The unemployment rate rose to a seasonally adjusted 5.1 percent in April in a sign that companies are still wary about adding jobs despite talk that the deflation-ridden economy is trending toward recovery.
The government said Friday the jobless rate rose a second consecutive month, climbing from 5.0 percent in March.
Job availability also fell slightly, with the ratio of job offers to job seekers declining to 0.48 from 0.49 in March, according to a separate report released the same day by the Health, Labor and Welfare Ministry.
The number means only 48 jobs were available for every 100 people who were looking in April.
The government is wary about the possibility of unemployment rising further.
“The situation is still serious, and we will work out more measures to boost employment,” said labor minister Akira Nagatsuma.
Economists say they are cautious but not overly pessimistic because it takes more than a month’s data to announce that the labor market is worsening amid signs of a steady recovery.
Norio Miyagawa, a senior economist at Shinko Research Institute, said the results indicate the situation is “not improving smoothly” but predicts it will improve at a moderate pace for months to come.
Hisashi Yamada, a chief senior economist at Japan Research Institute, said the rate would likely stay steady.
“The jobless rate will hover at around 5 percent for a while, as companies will unlikely add a substantial number of jobs unless they can expect their earnings to grow at a sustainable pace,” he said, adding that the worst is over.
The unemployment rate hit an all-time high of 5.6 percent last July. It eased below 5.0 percent in January for the first time in 10 months, before rising back above in March.
In April, the number of jobless stood at 3.56 million, up 100,000 from a year before and rising for the 18th consecutive month. Those holding jobs meanwhile fell 530,000 to 62.69 million, falling for a 27th consecutive time, the Internal Affairs and Communications ministry said in a preliminary report.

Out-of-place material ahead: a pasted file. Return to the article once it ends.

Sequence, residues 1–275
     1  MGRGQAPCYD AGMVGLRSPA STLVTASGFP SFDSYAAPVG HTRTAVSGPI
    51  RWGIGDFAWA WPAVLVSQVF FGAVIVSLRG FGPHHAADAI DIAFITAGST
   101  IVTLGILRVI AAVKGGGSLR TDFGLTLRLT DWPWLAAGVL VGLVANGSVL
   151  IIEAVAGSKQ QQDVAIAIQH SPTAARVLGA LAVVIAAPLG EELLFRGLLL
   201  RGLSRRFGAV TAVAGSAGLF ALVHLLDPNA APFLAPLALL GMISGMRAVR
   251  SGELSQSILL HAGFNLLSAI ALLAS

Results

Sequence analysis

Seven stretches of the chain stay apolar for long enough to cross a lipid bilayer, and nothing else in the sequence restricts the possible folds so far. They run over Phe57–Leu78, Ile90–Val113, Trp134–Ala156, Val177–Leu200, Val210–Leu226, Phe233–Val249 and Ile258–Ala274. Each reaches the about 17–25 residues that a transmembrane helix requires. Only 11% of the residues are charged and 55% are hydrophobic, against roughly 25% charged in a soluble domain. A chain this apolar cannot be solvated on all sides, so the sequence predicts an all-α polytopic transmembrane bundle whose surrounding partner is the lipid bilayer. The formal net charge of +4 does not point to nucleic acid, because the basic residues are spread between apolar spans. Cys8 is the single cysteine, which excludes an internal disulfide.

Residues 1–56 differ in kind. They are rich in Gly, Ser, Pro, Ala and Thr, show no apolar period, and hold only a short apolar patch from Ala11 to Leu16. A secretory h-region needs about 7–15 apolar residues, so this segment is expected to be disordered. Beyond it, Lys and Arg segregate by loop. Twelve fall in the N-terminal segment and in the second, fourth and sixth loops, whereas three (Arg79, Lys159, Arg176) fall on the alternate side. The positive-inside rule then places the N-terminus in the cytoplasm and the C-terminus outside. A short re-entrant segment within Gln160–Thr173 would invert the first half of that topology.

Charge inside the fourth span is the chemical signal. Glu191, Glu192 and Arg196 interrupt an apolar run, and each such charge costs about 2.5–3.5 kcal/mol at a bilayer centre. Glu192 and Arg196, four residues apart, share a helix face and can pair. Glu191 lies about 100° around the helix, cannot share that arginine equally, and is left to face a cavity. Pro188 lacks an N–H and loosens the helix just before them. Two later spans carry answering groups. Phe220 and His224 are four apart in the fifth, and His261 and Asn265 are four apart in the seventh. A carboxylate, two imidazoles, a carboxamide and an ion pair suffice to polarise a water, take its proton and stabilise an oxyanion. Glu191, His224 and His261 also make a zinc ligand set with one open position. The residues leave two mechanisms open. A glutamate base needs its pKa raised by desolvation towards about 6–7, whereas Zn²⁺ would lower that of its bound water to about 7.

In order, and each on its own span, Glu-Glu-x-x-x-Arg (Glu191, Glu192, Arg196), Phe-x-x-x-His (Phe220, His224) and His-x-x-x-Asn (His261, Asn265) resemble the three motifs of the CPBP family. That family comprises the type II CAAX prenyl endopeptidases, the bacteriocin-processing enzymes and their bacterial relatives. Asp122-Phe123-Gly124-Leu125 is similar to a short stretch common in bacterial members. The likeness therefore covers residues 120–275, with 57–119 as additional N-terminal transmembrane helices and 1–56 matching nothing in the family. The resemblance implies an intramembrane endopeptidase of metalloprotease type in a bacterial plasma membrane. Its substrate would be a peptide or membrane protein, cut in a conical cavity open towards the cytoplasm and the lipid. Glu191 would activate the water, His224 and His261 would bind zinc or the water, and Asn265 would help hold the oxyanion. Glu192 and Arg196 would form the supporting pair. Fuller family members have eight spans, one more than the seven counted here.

The unemployment rate edged up partly because women, mainly housewives, began looking for jobs, a ministry official said.
The jobless rate for men slipped 0.1 point to 5.5 percent from March, while the rate for women climbed 0.4 point to 4.7 percent.
Another contributing factor was the 210,000 high school graduates this spring who remained jobless as of April. That’s a relatively high figure in terms of recent surveys, the official said.
Roughly 1.07 million people lost their jobs in the reporting month because of decisions by their employers, down 70,000 from a year before. But the figure still remains high, the ministry said.
Both the manufacturing and construction sectors stayed sluggish, as manufacturing payrolls plunged by 310,000 and the construction sector shed 140,000 jobs.
But the health care and social welfare services sectors remained steady, adding 310,000 jobs, although the pace of expansion slowed from the previous month.
Miyagawa at Shinko Research Institute said a set of growth strategies set to be unveiled next month may help further increase jobs in the sector and push up the total payroll figure.
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